KLabs wrote:Hi 5 8 5, I wonder how similar RnR Red Devil and Super Web grease are.

Sorry KLabs, I don't know. I've never used Red Devil. I got the Super Web primarily for Campag hub bearings but it seemed to be quite similar to the grease that Campag use so I tried on the pawls.

BTW I've just checked a Zonda rear that I regreased with Super Web last summer. It's been sitting all winter. The freehub is fine.

fdegrove makes a good point about monitoring the freehub depending on what you use in it.


BobDopolina wrote:IIRC the R&R grease is similar to Bull Shot from years ago. It was good grease with great adhesion but t was certainly much more viscous than the Kluber grease Campagnolo uses.

Do you mean the Red Devil or Super Web?

audiophilitis
Posts: 509
Joined: Sun Jul 29, 2012 12:49 am

by audiophilitis

CBRE wrote:
audiophilitis wrote:DT Swiss makes a star rachet-specific grease for use on their hubs. I had a relatively loud DT 190 hub which was silenced by a light coat of this grease. DT part number is HXTXXX00NSG20S.



I have this hub also and it is very loud, do you think it causes coast drag? These wheels seem slower than other wheels I have.


I think they're great hubs, but will get loud as the lube dries up over time. It only takes a few minutes to wipe down the star rachets/pawls and re-apply grease. I don't think this hub causes coast drag unless excessive grease is applied.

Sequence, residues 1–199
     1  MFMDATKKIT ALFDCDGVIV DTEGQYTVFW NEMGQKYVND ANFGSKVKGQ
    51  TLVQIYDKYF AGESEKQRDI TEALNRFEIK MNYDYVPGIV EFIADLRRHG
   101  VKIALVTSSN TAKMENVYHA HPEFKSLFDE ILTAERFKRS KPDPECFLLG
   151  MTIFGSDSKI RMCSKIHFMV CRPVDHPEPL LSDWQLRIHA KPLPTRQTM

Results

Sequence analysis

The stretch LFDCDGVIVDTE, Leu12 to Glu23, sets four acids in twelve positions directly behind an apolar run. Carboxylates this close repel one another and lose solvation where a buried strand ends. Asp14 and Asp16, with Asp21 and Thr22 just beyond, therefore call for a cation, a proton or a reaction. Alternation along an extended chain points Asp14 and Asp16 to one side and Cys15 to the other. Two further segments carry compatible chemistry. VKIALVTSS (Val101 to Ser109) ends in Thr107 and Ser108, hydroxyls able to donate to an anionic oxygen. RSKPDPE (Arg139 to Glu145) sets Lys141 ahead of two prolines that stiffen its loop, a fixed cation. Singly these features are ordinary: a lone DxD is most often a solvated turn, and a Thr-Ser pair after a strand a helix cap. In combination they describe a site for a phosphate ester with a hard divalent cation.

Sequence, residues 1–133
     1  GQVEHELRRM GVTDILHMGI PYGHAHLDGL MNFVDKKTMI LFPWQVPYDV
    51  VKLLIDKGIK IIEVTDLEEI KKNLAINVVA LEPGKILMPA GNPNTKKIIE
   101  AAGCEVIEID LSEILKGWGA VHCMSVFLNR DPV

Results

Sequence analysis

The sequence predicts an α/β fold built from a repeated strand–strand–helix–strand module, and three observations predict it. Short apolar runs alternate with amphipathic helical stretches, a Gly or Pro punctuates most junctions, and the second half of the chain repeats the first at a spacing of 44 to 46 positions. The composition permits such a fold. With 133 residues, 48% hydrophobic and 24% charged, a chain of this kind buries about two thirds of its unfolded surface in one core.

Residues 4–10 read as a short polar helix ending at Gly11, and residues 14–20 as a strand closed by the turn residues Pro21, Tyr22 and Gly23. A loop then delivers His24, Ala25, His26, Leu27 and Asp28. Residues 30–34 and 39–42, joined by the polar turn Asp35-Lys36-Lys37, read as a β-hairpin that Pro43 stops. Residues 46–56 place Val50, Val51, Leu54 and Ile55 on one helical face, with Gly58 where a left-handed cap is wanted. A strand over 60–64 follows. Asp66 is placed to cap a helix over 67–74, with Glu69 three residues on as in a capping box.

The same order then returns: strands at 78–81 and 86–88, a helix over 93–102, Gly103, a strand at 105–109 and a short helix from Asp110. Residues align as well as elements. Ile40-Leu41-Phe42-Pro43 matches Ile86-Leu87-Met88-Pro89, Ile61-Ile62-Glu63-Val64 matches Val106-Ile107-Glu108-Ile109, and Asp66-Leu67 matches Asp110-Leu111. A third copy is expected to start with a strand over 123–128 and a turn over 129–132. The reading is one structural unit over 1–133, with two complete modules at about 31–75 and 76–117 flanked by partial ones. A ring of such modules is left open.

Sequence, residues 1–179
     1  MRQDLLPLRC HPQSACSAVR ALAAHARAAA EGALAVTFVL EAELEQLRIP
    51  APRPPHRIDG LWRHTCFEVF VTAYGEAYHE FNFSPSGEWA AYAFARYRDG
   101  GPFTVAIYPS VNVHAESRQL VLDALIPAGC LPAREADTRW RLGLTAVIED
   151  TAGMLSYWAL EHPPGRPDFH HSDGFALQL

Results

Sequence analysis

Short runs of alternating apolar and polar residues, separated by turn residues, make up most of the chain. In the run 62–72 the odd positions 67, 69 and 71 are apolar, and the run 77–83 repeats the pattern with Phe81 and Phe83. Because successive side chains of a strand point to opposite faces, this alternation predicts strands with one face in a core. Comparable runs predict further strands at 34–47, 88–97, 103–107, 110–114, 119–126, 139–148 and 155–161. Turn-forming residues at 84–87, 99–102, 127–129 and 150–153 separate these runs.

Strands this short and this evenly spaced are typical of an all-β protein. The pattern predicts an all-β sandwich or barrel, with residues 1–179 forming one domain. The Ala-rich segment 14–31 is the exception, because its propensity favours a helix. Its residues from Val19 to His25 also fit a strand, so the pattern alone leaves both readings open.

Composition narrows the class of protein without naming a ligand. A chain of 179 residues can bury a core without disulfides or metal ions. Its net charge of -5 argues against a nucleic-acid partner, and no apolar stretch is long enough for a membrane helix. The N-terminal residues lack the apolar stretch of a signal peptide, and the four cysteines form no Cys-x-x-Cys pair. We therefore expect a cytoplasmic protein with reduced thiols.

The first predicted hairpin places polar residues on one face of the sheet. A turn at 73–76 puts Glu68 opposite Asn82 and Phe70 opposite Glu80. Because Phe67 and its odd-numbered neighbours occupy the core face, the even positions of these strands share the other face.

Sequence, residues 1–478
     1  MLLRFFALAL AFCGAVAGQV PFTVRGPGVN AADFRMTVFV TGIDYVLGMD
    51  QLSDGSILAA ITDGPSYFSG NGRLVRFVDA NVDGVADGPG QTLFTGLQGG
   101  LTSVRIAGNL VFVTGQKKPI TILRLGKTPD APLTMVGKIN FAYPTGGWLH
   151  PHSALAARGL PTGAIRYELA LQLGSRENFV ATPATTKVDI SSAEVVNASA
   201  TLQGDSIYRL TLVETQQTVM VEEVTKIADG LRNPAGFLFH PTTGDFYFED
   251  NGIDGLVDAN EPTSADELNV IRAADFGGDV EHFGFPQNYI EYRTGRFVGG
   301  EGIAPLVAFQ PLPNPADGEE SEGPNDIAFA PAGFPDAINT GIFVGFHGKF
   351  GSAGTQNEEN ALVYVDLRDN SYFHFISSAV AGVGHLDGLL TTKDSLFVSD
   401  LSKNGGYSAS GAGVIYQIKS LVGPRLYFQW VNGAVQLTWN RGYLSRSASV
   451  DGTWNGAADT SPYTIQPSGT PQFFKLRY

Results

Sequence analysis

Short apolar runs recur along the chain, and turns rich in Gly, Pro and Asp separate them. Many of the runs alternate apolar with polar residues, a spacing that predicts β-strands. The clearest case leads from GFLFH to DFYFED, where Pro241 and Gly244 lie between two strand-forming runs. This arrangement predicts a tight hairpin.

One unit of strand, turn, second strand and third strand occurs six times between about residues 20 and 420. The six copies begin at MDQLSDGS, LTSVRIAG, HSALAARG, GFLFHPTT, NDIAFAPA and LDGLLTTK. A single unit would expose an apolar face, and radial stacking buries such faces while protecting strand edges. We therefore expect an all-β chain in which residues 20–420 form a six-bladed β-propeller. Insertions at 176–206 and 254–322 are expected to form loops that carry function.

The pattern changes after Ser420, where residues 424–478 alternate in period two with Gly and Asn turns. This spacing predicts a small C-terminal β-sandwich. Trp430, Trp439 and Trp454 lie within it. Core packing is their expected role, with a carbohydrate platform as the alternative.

seve88
Posts: 60
Joined: Tue Mar 18, 2008 7:06 pm

by seve88

ProGold EXP (or something similar). It's very thick and like melted fudge. So good I sometimes have a Homer Simpson moment and feel I need to try to eat it. Also does a very good job in my hubs.

fdegrove
Tubbie Guru
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Location: Belgium

by fdegrove

Hi,

EPX, actually.

Not all freehubs are alike so you basically have the classic Campa pawls and ratchet system, DT Swiss' is pretty unique, Mavic, Extralite use a synthetic material (Delrin, I think it is) close to or going partly into the hub's shell. No doubt there are other variations on the theme out there.

Bottomline is to first look at what the manufacturer recommends and try to understand why they do so. Then look at how you clean your bike and how that is affecting the lubrication of the freehub system.
Once you have a clear view on all of that you can fiddle around with various lubes, change your cleaning method etc.
I, for one, used to suffer from freehub bearings running out of lube because I cleaned the chain and cogs with an agressive degreaser and probably using too much of that good thing in the process.
The chain and cogs were squeaky clean and grease free but so was the freehub eventually..................

The problem went away once I started to use removable chainlinks and freehub bodies without greaseports....

IMHO, the wisest thing would be to design a freehub that would no longer require any lube at all. It's perfectly possible with DLC coatings anyhow and they'd take care of friction and sticky pawls in a single sweep. Heck, it would not even need any maintenance at all.

Short of DLC, I'd recommend Krytox (PFPE) oil or grease for both ceramic hybrid bearings and classic steel contacting surfaces as it bonds to these extremely well and does not get removed easily. Altough similar in formulation to PTFE (Teflon to you and me) it lowers fricrtion way beyond it and as said, it reduces friction in an almost permanent way.

It will even reduce friction on Campa's much touted CULT bearings which are quieted down by a parafin based oil. A neat solution but it's actually adding friction.....

Sorry, I'm ranting way beyond the attention span of most of you already.... Give it a try anyway and report back.

Ciao, ;)
Being a snob is an expensive hobby.